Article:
What is it?
Syphilis is a bacterial sexually transmitted infection (STI) that affects many organs / systems of the body. It is usually transmitted during unprotected vaginal, oral or anal sex. It can also be passed on from direct contact with your partner’sgenitals, even if there is no ejaculation. Infected mothers can pass syphilis to their unborn child or baby during labour and this can cause catastrophic consequences, therefore most pregnant women are offered a syphilis screening test earlyon in pregnancy.
How does it affect you?
Syphilis often does not cause any symptoms at all and is commonly only picked up from a blood test. If a person does develop symptoms these depend on the stage, as there are several stages of syphilitic infection. In between these stages the personremains symptom free.
Primary syphilis: a red lump or firm ulcer (chancre) appears at the site where syphilis enters your body (penis, vagina, or anus, or in the rectum, lips, or in the mouth) Because the sore is painless, it can easily go unnoticed. This chancre appearswithin three months of becoming infected, is highly infectious, and can be accompanied with swelling of local lymph glands. It resolves by itself, without treatment after 3 to 6 weeks.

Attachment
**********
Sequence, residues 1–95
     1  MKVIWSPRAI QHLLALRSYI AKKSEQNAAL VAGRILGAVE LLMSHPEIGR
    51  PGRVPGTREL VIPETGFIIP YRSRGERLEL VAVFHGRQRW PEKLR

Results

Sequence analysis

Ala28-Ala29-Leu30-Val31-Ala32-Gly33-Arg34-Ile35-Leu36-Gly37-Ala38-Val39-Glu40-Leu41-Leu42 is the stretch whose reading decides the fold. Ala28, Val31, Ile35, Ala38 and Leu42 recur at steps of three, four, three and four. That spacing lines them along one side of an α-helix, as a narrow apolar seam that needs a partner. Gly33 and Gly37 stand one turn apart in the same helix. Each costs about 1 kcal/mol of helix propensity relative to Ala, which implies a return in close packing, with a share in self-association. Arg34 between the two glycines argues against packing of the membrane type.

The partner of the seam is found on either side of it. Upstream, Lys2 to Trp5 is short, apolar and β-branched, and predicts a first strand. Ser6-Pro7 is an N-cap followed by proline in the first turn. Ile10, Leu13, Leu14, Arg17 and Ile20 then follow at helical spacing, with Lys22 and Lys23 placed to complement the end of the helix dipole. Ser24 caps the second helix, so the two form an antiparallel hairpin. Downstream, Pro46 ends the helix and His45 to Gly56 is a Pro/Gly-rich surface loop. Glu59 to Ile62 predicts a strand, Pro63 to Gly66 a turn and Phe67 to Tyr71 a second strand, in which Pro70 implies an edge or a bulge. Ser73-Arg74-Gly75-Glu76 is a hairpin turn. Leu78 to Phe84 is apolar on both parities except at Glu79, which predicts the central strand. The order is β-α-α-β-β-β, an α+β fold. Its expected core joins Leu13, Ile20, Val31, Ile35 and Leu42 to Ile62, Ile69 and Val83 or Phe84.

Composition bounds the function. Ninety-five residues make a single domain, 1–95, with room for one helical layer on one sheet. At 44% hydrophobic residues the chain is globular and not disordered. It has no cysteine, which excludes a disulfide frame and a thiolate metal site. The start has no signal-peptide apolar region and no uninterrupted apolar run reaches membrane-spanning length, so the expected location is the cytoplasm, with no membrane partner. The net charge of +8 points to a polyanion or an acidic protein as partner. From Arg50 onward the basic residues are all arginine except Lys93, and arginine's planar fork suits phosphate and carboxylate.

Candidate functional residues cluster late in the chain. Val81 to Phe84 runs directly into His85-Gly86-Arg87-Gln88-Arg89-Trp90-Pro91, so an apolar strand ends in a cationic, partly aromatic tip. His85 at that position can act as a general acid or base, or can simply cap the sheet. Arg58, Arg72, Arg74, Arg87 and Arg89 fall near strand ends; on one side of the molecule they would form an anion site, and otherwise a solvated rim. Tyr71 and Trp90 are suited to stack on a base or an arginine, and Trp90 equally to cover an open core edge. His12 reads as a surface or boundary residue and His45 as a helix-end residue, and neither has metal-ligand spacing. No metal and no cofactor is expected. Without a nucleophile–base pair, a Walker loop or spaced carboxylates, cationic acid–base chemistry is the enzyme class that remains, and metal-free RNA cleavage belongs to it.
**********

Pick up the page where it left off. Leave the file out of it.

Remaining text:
Secondary syphilis commonly causes a general body rash, lymph gland swelling in the neck, groin or armpits, a flu like illness, fevers, patchy alopecia (hair loss), sore throat, headaches, weight loss, muscle aches, tiredness and mucous membranelesions (superficial sores in your mouth, vagina, or anus). The spotty rash is red, or reddish brown and usually appears on your trunk, the palms of your hands and/or soles of your feet. Less commonly you can develop a meningitis, hearing lossor eye involvement. These often appear within the first 6 months of infection.
The signs and symptoms of primary and secondary syphilis can be mild, and they might not be noticed. Without the right treatment, your infection will move to the latent and possibly tertiary stages of syphilis.